It’s no wonder Chief Diversity Officer is the fastest growing C-Suite role. Recruiting and retaining a racially, culturally, cognitively diverse workforce is a business imperative and any business that chooses to ignore that does so at their own peril.
DEI in 4D
Diversity is best enacted not just intersectionally but also multi-dimensionally. Too often there is a fair amount of diverse hiring in entry level and technical positions, but that same level of diversity doesn’t show up in management, much less in leadership. But those companies that hire and promote diversely reap huge benefits. As it turns out, teams led by people from diverse backgrounds outperform their counterparts at a significant rate.
According to BCG:
The biggest takeaway we found is a strong and statistically significant correlation between the diversity of management teams and overall innovation. Companies that reported above-average diversity on their management teams also reported innovation revenue that was 19 percentage points higher than that of companies with below-average leadership diversity—45% of total revenue versus just 26%.
The numbers make a strong case for investing in programs and tools that make it easier for organizations to hire, retain, and promote diversely. As Gartner reports:
Through 2022, 75% of organizations with frontline decision-making teams reflecting a diverse and inclusive culture will exceed their financial targets. And gender-diverse and inclusive teams outperformed gender-homogeneous, less inclusive teams by 50%, on average. It’s clear that the impact of diversity and inclusion is highly positive — a plus now that more organizations are extending their geographic reach when hiring IT talent.
Remote work fosters equity
Remote work, though it certainly presents new challenges, also opens up incredible vistas of opportunity in recruiting diversely. Many of our recruitment zones have expanded from “here” to “here, there, and everywhere.” You are no longer limited by your local demographic and can widen your talent pool by tapping into workforces beyond a limited geographic range.
When polled by Slack, a staggering 97% of Black knowledge workers said they want to stay remote or hybrid.
“During this time of remote work, Black people report significantly higher satisfaction with their jobs, including an increase in sense of belonging, a 64% improvement in ability to manage stress and 25% greater improvement in work-life balance.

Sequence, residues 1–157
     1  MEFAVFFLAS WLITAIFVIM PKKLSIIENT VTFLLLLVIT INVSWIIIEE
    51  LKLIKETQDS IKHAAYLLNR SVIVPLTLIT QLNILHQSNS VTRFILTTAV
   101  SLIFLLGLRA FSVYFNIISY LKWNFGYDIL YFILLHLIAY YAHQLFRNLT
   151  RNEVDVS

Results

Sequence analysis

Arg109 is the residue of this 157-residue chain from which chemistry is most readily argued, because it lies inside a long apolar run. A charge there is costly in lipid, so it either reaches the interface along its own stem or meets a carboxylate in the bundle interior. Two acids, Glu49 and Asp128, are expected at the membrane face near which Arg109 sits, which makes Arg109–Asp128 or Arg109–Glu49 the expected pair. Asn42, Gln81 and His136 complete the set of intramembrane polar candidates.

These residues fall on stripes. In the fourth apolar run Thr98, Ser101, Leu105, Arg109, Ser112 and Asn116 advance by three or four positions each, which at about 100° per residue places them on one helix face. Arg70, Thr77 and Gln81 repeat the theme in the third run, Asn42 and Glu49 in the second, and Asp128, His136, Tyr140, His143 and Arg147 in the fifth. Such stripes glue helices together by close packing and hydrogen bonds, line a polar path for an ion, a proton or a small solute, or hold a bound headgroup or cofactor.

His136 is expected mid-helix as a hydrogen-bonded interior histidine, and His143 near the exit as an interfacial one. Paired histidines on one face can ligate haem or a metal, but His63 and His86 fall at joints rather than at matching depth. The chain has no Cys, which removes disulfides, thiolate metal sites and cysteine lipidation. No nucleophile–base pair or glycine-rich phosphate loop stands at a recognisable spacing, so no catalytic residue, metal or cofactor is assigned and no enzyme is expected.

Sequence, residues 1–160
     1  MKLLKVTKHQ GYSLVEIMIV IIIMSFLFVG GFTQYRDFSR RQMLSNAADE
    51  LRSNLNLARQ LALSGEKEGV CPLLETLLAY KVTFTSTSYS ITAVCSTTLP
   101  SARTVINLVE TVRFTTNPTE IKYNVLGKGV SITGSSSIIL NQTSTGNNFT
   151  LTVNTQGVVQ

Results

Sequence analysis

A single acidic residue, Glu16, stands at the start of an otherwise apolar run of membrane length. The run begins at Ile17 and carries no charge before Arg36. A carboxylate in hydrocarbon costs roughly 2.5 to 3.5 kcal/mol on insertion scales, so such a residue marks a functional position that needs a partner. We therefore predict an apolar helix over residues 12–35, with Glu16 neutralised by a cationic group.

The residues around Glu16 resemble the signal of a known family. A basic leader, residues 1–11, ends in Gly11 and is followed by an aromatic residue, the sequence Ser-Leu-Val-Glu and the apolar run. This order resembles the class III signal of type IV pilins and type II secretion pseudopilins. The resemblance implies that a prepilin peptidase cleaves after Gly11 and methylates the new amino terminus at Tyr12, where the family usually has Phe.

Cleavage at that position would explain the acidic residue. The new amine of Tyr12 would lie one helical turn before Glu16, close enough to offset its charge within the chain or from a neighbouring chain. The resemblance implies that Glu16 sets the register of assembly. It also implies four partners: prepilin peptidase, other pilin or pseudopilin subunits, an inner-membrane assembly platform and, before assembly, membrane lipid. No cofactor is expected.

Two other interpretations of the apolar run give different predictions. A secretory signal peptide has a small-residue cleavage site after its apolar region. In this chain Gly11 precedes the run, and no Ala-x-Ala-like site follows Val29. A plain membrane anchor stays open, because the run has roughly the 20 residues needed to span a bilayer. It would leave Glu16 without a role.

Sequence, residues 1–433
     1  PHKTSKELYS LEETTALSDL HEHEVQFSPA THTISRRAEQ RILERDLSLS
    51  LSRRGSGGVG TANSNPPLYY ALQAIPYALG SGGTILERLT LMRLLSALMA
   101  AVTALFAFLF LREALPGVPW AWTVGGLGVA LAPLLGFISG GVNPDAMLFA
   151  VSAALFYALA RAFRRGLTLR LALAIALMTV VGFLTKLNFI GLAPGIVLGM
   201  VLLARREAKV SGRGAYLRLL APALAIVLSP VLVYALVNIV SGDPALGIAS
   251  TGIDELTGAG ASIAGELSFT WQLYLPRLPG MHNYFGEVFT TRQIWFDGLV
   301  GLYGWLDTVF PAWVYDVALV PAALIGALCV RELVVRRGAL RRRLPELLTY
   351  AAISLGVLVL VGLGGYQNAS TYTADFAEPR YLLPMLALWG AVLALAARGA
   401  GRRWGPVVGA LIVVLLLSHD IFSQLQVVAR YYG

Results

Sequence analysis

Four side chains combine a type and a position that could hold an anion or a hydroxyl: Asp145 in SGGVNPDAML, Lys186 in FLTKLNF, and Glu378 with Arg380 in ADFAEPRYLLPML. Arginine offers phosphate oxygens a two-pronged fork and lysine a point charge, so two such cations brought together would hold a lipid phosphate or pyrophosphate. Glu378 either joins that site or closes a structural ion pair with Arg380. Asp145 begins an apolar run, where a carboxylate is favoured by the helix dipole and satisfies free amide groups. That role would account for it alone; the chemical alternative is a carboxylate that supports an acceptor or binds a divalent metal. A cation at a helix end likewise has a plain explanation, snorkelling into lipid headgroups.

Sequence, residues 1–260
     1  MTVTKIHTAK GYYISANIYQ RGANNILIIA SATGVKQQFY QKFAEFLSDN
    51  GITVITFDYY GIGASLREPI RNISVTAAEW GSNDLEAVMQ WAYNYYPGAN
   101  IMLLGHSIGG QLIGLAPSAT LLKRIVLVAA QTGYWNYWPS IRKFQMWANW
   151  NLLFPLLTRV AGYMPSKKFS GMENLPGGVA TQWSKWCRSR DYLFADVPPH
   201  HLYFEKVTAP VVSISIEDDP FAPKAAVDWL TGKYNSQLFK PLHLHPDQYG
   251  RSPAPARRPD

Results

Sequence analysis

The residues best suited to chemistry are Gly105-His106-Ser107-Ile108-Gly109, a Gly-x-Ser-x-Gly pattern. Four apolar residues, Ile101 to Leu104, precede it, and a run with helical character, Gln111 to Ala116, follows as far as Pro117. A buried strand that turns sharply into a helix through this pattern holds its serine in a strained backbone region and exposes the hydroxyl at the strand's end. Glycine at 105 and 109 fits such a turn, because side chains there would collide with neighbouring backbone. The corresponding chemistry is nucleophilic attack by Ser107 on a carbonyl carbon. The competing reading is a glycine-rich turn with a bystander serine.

Subramanian attributes this increase in satisfaction to the unique dynamic of remote work: There’s no need to code-switch when there is no in-person office. According to an article from Harvard Business Review, code-switching means “adjusting one’s style of speech, appearance, behavior, and expression in ways that will optimize the comfort of others in exchange for fair treatment, quality service, and employment opportunities.”
When the remote workforce exploded to 81% of US workers during the COVID pandemic, some aired concerns that productivity would drop, in spite of older studies suggesting remote work benefits both employers and employees. SAP Insights points out that those concerns were essentially unfounded:
“What that data told us was very much a reiteration of what it had been saying all along: when employees are given flexibility and independence, they rise to the challenge. McKinsey, in a mid-2020 survey, reports up to a 55% rise in employee experience factors, including achieving goals, recognition for work, engagement and relationship with their company, and job satisfaction.”
When surveyed, workers across all manner of demographics express strong support for continued access to remote work. Employers are called to adjust to this new reality. Remote work isn’t going away any time soon. In fact:
“There was an 83 percent increase in job posts mentioning flexibility in 2021 over 2019, according to LinkedIn, and 343 percent more mentions of flexibility in company posts during that time. For their part, recruiters need to know the ins and outs of their company’s flexible work policies and how the organization supports remote and hybrid workers.”
DEI and Employer Brand
In a candidate’s job market, employers need to pull every available lever to stay competitive.Your entire company culture is under scrutiny, and on sites like Glassdoor, you’re up for public review. Potential candidates want to know about compensation and benefits, same as always, but they’re increasingly invested in deeper facets of their future work environment. We see this demonstrated in that 76% of candidates polled report that diversity is an important factor when evaluating companies and job offers. DEI matters in recruiting, before you even begin the recruiting process!
Of course, the conversation will likely need to start at the top, with buy-in from key stakeholders, according to HRD Connect:
To bring diversity, equity and inclusion to the center of the employer branding strategy, we need clarity of purpose. For this, we need to engage the most senior leaders in the discussion.